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Catholic Vancouver Oct. 2, 2018

Robson project to transform former archdiocese offices

By Bruce Li

Artistic rendering of the redevelopment of the former offices of the Archdiocese of Vancouver at 150 Robson St. (GBL/Amacon)

Vancouver City Council has approved plans to redevelop the old downtown headquarters of the Archdiocese of Vancouver .

The project will be built on three properties from 118 to 150 Robson Street, between Beatty Street and Cambie Street. Most of the work will be done on the former offices of the Archdiocese of Vancouver, a building once known as the Northern Electric Company building.

The top floor is still the Catholic Charities’ Men’s Hostel homeless shelter. The two other buildings are the Back Forty Pub and a vacant property owned by the City of Vancouver. Local developer Amacon purchased the buildings in 2014 and estimates the project will result in 244,000 square feet of floor space, 10 times the area of the original structures.

Site of redevelopment on 118-150 Robson. (GBL/Amacon)

GBL Architects are responsible for the redevelopment of the buildings. The interiors of the lower levels will be mostly removed due to their little heritage value, but the exterior red bricks will be kept and renovated. A variety of commercial properties, including retail, restaurant, and hotel lounge will replace the interior.

Two new buildings will make up the upper levels. The first is a six-storey , 120-room hotel across from Terry Fox Plaza on Beatty. A hotel operator has yet to be announced.

The other 29-storey building will spring up directly from the old headquarters of the Archdiocese of Vancouver. The 290- ft. (88m) skyscraper will be an apartment complex containing 131 homes: 42 one-bedroom units, 71 two-bedroom units, and 18 three-bedroom units. An indoor activity space of 2,300 square feet will be extended to the outdoors on the fifth floor.

Artistic rendering of the proposed redevelopment (GBL/Amacon)
Outdoor amenities space. (GBL/Amacon)

The style of the new buildings contrasts with the look of the existing heritage building.

Built in 1928 by architectural and engineering firm McCarter Nairne (who also designed the Marine Building), the building served as both offices and storage spaces for the Northern Electric Company of Montreal. The commercial-style building was renovated in 1947 with work mostly done on its outside. In 1957, Northern Electric Company decided to sell the building. Within a matter of hours, the Archdiocese of Vancouver placed a $10,000 deposit on its future headquarters.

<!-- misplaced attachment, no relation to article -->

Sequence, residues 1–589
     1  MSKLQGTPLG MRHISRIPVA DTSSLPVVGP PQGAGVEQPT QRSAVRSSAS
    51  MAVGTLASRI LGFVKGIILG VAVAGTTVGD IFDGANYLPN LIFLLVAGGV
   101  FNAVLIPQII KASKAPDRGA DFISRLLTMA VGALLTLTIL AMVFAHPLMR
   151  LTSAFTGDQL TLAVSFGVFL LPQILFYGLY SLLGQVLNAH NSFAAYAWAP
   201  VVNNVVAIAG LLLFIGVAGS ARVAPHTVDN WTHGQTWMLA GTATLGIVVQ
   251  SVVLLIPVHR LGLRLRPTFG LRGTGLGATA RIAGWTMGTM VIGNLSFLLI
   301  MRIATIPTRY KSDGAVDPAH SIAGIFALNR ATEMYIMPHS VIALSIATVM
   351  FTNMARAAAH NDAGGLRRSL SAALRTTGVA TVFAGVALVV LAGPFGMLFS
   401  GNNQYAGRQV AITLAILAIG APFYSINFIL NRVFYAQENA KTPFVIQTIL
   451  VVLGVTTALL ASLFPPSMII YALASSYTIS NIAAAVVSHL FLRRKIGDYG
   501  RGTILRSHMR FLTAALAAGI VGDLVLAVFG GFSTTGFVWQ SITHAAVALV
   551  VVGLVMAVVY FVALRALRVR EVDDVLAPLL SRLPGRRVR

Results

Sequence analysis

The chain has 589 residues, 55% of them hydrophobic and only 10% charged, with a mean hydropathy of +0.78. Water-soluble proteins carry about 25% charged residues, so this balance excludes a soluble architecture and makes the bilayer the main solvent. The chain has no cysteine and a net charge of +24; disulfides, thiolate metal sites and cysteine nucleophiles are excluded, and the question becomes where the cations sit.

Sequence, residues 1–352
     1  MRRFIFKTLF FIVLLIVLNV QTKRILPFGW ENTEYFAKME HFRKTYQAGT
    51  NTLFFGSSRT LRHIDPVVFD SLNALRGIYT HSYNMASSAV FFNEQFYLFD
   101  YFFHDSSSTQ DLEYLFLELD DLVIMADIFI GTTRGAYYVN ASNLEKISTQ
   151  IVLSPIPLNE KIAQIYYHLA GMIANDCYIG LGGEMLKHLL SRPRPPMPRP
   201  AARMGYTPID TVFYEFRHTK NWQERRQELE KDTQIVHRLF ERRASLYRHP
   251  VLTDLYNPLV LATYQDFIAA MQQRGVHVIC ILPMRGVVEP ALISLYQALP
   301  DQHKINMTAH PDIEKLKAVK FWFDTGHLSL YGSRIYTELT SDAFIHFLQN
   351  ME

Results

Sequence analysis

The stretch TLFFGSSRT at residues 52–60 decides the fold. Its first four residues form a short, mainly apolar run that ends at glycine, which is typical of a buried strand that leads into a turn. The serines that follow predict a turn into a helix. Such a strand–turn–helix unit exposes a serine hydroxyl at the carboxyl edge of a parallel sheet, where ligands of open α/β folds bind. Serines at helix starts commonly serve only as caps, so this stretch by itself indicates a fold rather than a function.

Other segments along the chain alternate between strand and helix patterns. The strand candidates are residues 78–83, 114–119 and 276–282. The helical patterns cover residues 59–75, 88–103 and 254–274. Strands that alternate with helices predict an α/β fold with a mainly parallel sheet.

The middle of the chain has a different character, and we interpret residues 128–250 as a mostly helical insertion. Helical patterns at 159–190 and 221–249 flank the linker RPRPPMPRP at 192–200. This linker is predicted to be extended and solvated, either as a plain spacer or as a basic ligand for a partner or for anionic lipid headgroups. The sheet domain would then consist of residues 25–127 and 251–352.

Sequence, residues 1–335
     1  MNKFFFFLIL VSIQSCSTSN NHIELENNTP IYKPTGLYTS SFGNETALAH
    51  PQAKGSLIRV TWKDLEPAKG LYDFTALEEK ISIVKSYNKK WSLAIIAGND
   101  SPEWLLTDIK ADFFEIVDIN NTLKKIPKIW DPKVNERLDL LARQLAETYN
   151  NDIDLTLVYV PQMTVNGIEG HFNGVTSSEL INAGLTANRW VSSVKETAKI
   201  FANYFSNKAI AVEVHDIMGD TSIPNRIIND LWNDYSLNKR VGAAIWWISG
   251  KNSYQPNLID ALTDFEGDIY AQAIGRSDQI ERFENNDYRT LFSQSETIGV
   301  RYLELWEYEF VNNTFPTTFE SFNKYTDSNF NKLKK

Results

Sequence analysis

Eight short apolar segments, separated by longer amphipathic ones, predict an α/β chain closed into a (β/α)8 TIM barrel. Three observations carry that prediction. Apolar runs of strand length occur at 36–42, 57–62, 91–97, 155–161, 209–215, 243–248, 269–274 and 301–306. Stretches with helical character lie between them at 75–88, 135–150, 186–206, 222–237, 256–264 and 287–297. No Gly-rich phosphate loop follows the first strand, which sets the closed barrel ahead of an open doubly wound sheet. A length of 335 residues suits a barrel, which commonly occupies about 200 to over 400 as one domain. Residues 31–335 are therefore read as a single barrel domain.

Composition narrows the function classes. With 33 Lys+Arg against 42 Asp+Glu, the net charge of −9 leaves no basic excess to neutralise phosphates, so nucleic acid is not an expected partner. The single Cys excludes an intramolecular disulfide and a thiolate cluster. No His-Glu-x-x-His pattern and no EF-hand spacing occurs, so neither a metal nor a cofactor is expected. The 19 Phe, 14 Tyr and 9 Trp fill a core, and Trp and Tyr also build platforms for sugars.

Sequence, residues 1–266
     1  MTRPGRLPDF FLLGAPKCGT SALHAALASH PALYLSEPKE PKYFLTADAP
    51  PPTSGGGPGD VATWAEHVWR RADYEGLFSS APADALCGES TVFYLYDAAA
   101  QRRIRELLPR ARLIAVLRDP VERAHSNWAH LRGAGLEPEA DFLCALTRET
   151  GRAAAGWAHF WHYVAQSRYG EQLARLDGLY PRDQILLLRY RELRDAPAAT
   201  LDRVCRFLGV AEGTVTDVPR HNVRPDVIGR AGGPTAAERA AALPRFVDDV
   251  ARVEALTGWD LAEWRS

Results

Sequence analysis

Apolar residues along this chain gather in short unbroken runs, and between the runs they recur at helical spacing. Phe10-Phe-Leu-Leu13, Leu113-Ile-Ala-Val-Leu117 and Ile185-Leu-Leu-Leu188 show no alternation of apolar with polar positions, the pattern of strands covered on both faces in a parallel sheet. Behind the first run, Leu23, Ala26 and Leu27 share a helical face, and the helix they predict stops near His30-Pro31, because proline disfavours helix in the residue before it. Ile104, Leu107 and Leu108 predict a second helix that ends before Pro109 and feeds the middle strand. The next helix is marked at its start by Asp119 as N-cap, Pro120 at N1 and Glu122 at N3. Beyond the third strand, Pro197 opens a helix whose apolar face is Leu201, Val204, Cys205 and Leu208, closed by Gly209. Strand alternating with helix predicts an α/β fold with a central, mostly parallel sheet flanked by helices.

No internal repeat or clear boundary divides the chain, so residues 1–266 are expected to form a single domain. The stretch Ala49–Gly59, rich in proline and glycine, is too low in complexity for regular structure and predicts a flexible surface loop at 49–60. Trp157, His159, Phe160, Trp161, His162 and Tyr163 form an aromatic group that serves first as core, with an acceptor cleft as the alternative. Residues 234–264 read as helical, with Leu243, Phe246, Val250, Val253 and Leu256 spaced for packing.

Archdiocese of Vancouver purchases the Northern Electric Company Building (B.C. Catholic Archives)

Nearly two years and $600,000 later, the warehouse spaces were converted into offices and a homeless shelter for men. Renamed the “Catholic Charities Building,” the building became the new home for the Archdiocese of Vancouver.

The Catholic Charities Building offered space for various departments. The first and second floor housed the Catholic Children’s Aid Society and eight other charity programs as well as the Chancery Office, Matrimonial Courts, Archbishop’s Offices, Catholic Library and Information Centre, Catholic Immigration Services, and the B.C. Catholic offices. The Men’s Hostel on the top floor continues to accommodate up to 120 homeless men each night. The basement of the building served as the distribution centre for food and clothing of the St. Vincent de Paul Salvage Bureau.  

Floor plans of the Catholic Charities Building (B.C. Catholic Archives)

After 50 years of standing among the bustling city centre, the red-brick building was sold to Amacon in 2014 and in 2015 the Archdiocese of Vancouver offices moved to the John Paul II Pastoral Centre at 4885 Saint John Paul II, at West 33rd and Willow.

Despite the drastic redevelopments, heritage consultants plan to preserve the significance of the heritage.

“This may include use of historic photos and memorabilia as part of a designed installation and may include stories about the history of the building. Options for exploration include panels or installation in metal, glass, set into the floor (or the pavement outside) or a media piece (video info screen),” Amacon said in a statement. A date for starting construction has not been announced.

 The Catholic Charities Men’s Hostel’s homeless shelter will be relocated somewhere in Downtown Vancouver.